Risk-Based Approach to 21 CFR Part 11 (Part 2)

(Part 11)

Copies of Electronic Records
Reference: 21 CFR Part 11.10 (b).
The user firm should provide an investigator with reasonable and useful access to records during an inspection. The provision of electronic copies under Part 11 can bring significant technical challenges, especially for complex systems. We propose that user firms should be able to meet the requirement for accurate and complete copies by, in order of preference:

  1. Using industry standard portable formats where possible, if the use of such formats brings more benefits than disadvantages.
  2. Utilizing established automated conversion or export methods where available, to make copies in a more common format (e.g. PDF or paper copies).
  3. Allowing inspection and review of records on the firm’s site, using the firm’s hardware and software, following the firm’s established procedures and techniques for accessing those records.
    The key concepts are that the content and the meaning of the GxP records are preserved during copying, and that these GxP records are available in human readable form.

Retention and Maintenance of Records
Reference: 21 CFR Part 11.10 ©.
Archiving of electronic records can be problematic in two main ways: volume and processability.

If the definition of Part 11 scope is clarified, and interpreted according to a risk-based approach, then volume ceases to be such a significant problem. For example, an encapsulation machine with a check-weigher can measure two million capsule weights for a single batch. The batch record may only use these values to generate a curve that shows the batch weight distribution falls within validated norms. Only the weight distribution curve is meaningful and the individual data points need not be archived, provided the generation process of the distribution curve is validated. This meets the expectation of the predicate rule 21 CFR 211.188, yet considerably eases the record-keeping burden.

Archived records must be retrievable; it is not, however, always necessary to reprocess electronic records. The content and meaning of retrieved records must be evident.

Archiving to non-electronic media such as microfilm, microfiche, and paper, is an acceptable alternative to electronic media in some cases, as long as the content and meaning of the electronic record is not compromised, and the archiving process is validated.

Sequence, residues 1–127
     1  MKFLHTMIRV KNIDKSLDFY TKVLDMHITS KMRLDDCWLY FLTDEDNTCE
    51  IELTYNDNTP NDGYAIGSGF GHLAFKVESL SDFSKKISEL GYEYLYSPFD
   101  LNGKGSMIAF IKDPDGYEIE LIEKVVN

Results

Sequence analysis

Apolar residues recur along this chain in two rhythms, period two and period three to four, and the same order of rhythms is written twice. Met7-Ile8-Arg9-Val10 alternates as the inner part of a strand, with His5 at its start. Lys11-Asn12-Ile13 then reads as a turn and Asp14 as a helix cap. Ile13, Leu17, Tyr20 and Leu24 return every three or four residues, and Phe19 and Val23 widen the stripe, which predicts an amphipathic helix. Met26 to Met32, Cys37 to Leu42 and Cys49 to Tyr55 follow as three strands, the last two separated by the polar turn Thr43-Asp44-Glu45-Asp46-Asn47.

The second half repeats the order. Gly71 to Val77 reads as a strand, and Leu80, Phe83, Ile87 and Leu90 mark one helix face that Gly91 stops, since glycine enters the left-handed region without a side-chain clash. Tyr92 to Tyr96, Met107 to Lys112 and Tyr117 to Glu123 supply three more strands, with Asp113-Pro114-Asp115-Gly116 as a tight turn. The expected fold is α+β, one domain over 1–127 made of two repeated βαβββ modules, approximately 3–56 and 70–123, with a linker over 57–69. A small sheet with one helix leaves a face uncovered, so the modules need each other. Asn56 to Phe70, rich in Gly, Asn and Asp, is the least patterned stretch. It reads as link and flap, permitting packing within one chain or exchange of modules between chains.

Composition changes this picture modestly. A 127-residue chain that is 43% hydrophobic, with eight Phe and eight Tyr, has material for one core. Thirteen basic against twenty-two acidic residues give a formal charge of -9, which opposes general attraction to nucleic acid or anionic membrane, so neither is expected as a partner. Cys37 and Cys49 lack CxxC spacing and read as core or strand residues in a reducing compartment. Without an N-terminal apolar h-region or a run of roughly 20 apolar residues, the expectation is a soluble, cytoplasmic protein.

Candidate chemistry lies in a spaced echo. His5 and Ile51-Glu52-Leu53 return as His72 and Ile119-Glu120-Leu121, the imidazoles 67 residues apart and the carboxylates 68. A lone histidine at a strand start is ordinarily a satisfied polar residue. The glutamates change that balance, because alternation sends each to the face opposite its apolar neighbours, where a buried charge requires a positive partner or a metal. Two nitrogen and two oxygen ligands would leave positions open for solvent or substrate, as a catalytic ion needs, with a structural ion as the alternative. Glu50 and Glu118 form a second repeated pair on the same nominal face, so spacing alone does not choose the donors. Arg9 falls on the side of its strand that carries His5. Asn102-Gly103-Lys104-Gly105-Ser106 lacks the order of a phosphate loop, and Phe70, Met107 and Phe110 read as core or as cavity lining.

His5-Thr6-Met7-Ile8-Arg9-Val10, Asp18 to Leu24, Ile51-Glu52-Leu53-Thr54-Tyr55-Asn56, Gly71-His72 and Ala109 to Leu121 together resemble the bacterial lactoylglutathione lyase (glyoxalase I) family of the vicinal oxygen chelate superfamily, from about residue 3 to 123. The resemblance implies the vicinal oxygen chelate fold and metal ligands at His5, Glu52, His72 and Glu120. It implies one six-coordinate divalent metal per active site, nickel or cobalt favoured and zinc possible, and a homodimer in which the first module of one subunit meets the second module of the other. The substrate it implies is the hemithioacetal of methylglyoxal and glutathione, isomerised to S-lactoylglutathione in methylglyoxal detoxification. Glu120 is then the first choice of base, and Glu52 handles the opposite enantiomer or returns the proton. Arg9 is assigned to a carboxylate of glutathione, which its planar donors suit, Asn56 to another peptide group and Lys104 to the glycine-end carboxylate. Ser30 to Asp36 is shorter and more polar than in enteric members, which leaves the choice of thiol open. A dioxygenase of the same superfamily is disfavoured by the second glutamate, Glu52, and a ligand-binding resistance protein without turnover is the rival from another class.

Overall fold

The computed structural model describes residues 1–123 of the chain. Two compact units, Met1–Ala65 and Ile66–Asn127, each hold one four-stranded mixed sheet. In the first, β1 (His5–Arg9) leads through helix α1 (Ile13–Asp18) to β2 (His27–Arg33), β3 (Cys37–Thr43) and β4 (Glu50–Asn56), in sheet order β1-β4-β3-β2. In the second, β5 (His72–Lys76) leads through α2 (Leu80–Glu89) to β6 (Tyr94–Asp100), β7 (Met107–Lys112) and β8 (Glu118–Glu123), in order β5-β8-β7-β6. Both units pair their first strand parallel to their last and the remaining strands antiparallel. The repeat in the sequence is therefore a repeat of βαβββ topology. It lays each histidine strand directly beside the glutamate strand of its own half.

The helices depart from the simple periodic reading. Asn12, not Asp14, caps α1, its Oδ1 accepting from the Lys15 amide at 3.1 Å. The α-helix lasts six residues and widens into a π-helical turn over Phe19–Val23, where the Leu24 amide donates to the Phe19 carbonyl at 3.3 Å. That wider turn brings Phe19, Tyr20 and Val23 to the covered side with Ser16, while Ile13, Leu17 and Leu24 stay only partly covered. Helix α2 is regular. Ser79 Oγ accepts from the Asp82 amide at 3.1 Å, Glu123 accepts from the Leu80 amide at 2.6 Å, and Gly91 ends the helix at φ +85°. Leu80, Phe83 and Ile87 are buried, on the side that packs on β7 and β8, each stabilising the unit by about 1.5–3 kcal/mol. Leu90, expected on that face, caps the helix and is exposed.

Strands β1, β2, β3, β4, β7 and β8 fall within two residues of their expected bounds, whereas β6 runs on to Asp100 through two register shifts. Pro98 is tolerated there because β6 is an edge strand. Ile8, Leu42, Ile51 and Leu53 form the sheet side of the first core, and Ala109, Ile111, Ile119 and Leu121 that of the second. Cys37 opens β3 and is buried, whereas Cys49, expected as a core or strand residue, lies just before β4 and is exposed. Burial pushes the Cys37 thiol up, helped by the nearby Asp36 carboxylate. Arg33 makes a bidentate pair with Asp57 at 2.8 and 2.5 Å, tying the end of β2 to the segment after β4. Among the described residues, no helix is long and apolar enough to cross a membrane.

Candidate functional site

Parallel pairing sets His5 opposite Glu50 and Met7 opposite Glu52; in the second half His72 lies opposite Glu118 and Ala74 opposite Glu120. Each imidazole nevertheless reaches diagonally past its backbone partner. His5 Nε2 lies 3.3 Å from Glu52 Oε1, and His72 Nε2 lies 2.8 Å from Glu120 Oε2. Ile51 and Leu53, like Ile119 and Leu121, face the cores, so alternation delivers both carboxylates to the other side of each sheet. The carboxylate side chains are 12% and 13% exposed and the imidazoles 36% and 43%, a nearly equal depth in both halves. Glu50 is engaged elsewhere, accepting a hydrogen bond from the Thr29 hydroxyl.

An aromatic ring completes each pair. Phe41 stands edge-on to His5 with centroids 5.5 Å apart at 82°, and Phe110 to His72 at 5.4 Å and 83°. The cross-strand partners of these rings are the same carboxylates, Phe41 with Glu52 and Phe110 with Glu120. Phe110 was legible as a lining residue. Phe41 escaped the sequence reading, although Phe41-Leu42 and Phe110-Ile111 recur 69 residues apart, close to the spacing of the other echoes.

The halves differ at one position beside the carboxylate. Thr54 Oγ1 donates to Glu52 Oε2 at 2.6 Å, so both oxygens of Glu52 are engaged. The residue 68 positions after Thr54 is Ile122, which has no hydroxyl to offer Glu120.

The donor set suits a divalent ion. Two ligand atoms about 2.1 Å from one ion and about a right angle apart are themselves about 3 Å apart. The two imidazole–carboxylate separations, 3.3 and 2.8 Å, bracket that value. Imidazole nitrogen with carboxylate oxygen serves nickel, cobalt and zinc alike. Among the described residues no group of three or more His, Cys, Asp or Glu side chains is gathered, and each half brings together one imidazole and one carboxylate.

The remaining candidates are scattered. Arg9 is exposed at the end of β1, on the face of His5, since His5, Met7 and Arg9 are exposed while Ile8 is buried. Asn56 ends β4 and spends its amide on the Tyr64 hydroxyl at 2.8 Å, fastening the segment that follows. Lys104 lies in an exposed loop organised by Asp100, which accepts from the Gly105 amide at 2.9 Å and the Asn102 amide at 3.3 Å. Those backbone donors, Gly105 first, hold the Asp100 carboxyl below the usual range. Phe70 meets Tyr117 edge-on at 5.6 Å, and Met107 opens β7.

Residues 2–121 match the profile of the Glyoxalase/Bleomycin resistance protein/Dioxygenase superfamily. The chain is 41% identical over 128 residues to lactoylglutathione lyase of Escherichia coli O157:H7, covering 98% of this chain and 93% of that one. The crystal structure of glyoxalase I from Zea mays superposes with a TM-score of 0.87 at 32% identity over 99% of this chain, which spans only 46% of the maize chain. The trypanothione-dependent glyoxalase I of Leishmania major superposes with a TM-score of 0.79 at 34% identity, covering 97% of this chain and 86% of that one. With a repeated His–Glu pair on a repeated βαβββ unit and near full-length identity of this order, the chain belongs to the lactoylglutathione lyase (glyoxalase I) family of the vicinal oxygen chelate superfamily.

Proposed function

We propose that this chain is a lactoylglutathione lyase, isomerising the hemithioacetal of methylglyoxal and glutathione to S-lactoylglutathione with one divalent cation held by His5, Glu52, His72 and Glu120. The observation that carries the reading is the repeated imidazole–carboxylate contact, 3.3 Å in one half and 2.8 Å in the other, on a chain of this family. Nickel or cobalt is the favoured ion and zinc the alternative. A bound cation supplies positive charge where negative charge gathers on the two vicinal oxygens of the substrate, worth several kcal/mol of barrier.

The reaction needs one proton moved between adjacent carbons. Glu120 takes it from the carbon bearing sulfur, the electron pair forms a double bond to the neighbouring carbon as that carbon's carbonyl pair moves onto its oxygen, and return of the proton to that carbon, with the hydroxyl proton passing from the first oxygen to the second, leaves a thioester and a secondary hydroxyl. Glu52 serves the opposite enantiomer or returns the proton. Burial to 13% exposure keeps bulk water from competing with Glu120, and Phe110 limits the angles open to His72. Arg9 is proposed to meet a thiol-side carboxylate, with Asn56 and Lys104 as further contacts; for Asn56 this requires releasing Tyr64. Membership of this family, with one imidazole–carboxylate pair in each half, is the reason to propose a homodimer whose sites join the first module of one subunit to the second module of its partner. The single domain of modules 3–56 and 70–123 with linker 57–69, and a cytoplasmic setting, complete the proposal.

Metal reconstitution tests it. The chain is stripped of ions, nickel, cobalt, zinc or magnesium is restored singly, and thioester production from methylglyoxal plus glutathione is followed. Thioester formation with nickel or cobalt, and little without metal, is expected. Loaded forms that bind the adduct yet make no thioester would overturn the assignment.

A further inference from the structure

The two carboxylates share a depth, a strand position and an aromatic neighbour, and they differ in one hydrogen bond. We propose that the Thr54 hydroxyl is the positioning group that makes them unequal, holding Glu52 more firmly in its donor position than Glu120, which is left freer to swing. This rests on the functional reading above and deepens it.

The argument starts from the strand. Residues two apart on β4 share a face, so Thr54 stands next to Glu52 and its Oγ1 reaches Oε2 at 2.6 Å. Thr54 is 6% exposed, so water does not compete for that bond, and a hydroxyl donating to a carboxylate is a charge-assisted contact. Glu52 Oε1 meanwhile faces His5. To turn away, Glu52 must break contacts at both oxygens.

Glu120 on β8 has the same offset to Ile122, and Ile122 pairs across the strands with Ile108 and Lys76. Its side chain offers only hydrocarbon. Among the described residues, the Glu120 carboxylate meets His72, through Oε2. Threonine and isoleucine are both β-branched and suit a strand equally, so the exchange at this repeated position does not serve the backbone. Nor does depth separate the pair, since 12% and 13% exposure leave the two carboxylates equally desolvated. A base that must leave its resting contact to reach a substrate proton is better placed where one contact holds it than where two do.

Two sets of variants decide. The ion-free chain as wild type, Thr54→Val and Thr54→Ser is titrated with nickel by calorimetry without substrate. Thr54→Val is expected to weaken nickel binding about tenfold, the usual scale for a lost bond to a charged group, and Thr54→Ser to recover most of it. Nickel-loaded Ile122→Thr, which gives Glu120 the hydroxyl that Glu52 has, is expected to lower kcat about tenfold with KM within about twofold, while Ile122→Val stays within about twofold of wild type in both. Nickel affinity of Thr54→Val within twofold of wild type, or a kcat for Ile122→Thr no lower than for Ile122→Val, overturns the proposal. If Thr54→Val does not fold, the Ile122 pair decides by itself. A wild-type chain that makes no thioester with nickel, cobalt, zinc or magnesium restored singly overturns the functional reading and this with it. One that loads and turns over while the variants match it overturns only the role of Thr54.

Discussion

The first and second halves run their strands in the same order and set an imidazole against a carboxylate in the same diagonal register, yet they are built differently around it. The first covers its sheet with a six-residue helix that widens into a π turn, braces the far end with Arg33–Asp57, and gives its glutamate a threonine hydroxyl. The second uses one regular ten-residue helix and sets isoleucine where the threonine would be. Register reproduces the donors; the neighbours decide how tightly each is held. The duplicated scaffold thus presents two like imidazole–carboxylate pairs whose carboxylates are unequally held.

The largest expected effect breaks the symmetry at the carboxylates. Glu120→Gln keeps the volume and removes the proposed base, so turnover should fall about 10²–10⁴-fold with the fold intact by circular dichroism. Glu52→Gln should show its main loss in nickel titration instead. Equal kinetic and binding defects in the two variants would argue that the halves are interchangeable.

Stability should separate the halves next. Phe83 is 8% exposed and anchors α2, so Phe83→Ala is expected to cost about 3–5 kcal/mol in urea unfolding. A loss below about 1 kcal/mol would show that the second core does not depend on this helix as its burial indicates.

Printing copies of records held electronically, and reviewing and subsequently approving them by means of a handwritten signature, to produce the master regulatory record for long term keeping can be effective and efficient. The user firms must ensure that any contextual and background information required to interpret the records is also kept. For high impact records it may be essential that electronic copies of the record are also retained – although not necessarily in reprocessable form.

Reprocessability is an additional challenging requirement placed on user firms when using electronic records. It should be the exception, rather than the rule. Those records needing reprocessability should be clearly identified and defined by the user firm, based on risk. For clinical records, reprocessability may be important, but not for manufacturing records where the main requirement is to support integrity and reliability of the records.

In most cases the value of the ability to reprocess records decreases as time passes. When a product is relatively new to the market there may be a host of issues not well understood, such as unusual drug interactions or environmental factors. The ability to analyze clinical data for new drug products based on new information gleaned from post-market reporting is important. However, as the product is used for several years without major problems, a profile begins to emerge of the drug as safe under normal conditions of use.

A risk-based approach should be used in deciding whether to migrate older records to a new format. Based on risk assessment data, a decision would be made whether it is important to retain processability of older data. If risk is sufficiently low, the firm may choose to write the records to a common, simple, permanent format for archival (PDF, microfiche, paper, etc.). The GxP records and their context and meaning are retained, and the key elements such as the audit trail can be captured and retained. The principal compromise accepted here is sacrifice of the ability to easily search and manipulate the records.

Link for part 3